Speaker urges Catholic Asian and Pacific Islanders to get connected


COLUMBIA — With their many gifts and rich traditions to share, Catholic Asian and Pacific Islanders came to St. John Neumann Church May 21-22 for their first annual gathering, “United in Faith: Celebrating the Eucharist.”

The experience gave this rapidly growing community of Catholics a greater sense of belonging and involvement in their parishes.

“We all should be active members, part of the parish family, and we should not be looked at as strangers or act like strangers,” Father Joachim Le Quang Hien said. Father Hien was the guest speaker at the celebration and also acted as an impromptu translator for non-Vietnamese participants.

Father Hien, a retreat master and popular speaker, has been a passionate advocate for the U.S. Conference of Catholic Bishops’ (USCCB) document, “Asian and Pacific Presence: Harmony in Faith.”

He has worked closely with the USCCB and the Episcopal Conference of Vietnam for the Federation of Vietnamese Catholics in the U.S. in an effort to establish a ministry for the Asian/ Pacific community.

“We are glad that the Diocese of Charleston has already implemented some of the initiatives suggested in the document,” said Kathleen Merritt, Director of the Office of Ethnic Ministries. Merritt assisted Khue Nguyen in organizing the weekend.

During a workshop on May 21, Father Hien broke the document into three major parts: “Harmony Among Diverse Realities,” “Sharing Gifts and Promoting Harmony, and Building Communion,” and “Harmony: Challenges and Our Response.”

The document gives a profound feeling of pride to Asian and Pacific Islanders who represent 53 countries and territories, some ravaged by war. It begins with a proclamation from Pope John Paul II’s “Ecclesia in Asia.” The document states: “In the fullness of time, he (God) sent his only-begotten Son, Jesus Christ the Savior, who took flesh as an Asian.”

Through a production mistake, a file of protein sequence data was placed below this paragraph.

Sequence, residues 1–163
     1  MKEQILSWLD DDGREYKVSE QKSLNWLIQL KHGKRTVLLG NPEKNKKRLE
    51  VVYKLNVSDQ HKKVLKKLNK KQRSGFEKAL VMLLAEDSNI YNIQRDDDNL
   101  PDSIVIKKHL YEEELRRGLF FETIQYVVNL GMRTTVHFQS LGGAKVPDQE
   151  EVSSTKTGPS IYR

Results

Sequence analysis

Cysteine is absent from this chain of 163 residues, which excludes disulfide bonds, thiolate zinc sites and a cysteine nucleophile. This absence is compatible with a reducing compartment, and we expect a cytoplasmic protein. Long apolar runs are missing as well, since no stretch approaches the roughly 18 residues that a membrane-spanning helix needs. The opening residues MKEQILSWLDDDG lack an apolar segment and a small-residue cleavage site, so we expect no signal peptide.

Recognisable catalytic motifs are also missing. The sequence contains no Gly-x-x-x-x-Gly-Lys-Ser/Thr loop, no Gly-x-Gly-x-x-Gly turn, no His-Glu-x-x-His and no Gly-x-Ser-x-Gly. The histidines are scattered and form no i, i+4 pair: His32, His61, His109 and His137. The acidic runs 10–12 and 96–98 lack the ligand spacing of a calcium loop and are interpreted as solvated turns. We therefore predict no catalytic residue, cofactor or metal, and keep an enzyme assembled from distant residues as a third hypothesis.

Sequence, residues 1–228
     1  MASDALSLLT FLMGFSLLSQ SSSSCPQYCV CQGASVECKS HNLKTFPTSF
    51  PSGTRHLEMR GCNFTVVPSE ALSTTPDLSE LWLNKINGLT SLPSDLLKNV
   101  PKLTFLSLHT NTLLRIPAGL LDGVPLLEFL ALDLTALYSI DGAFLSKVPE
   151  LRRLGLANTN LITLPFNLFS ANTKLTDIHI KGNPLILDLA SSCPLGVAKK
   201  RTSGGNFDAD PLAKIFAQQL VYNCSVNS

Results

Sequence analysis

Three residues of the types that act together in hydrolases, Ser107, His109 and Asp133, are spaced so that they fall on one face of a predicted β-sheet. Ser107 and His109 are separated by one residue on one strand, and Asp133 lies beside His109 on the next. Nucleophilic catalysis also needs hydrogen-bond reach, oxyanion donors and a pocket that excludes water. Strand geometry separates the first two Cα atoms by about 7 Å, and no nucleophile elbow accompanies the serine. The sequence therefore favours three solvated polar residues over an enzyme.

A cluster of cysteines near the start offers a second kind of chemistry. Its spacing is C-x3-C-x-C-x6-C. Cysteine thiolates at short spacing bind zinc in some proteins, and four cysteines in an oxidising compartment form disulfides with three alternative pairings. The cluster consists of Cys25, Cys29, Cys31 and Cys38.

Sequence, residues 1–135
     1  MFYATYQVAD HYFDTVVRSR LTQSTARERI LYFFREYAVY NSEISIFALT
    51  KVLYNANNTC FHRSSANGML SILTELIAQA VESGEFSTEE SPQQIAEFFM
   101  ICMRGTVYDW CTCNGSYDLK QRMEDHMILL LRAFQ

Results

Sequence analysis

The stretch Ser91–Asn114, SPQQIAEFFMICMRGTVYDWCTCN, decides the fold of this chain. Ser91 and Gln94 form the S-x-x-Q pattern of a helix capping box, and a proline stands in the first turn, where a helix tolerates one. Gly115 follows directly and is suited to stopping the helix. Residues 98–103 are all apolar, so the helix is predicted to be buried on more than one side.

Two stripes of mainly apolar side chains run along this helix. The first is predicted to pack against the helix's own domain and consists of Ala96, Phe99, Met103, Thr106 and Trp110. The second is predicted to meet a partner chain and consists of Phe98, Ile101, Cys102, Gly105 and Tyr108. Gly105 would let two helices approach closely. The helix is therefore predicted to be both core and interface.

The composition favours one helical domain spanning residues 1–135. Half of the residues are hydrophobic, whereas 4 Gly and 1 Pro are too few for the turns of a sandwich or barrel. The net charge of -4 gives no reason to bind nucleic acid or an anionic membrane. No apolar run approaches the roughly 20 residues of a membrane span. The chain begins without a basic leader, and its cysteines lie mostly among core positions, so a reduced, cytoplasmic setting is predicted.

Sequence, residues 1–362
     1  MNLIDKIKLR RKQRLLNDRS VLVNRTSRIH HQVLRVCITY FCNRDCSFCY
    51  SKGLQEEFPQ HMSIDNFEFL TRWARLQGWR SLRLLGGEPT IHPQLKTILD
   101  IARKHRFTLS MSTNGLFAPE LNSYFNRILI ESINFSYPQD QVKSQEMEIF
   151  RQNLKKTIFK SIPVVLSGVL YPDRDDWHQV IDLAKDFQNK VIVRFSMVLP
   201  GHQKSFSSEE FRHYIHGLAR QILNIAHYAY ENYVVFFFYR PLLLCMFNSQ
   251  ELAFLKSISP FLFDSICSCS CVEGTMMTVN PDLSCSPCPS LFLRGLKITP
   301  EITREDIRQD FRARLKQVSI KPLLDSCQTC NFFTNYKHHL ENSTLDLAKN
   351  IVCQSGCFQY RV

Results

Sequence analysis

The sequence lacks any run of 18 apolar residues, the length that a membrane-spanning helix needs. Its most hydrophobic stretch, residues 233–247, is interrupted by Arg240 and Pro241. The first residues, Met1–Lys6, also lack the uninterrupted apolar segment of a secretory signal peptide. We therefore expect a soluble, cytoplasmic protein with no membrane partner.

Father Hien explained to the congregation that the Holy Land, where Christ was born and lived his human life, is considered part of Western Asia, and Holy Scripture reveals the Asian influence on culture. When Jesus called his relatives “brothers and sisters,” it was something commonly done in the Asian culture.

The speaker was quick to emphasize the need for people from Asia and the Pacific Islands to integrate into a parish. Rather than using the analogy of a melting pot, he spoke of creating a wonderful salad with many condiments.

“Why do we find ourselves in the United States?” he asked. “It is providential and others may think better about another country, having met you.”

Father Hien’s approach to discrimination is to win society over one person at a time. He encourages people to learn as much as they can about the American culture, take in what is good and discard the bad.

He believes that language is important in describing ethnic diversity in the church.

“For example, we are not the American Catholic Church but the Catholic Church in America,” he said. “Our church is universal and we are the one church, the church of Jesus Christ.”

Kim Nguyen, a member of St. John Neumann Church, believes that Asian Catholics need to be more outgoing. He said that he has walked past another Asian at church without introducing himself.

“We need to be open and to step forward instead of waiting until we are invited,” Nguyen said.

Another highlight of the weekend was the blessing of a new Our Lady of Lavang statue that led the procession at the church. After Mass, the participants gathered for food and entertainment provided by the Asian and Pacific communities.

“We all have to be the messenger,” Father Hien said. “We owe it to everyone to invite them to be a part of this great message of unity. The Asian community must get connected because they have special gifts to offer the Catholic Church in America.”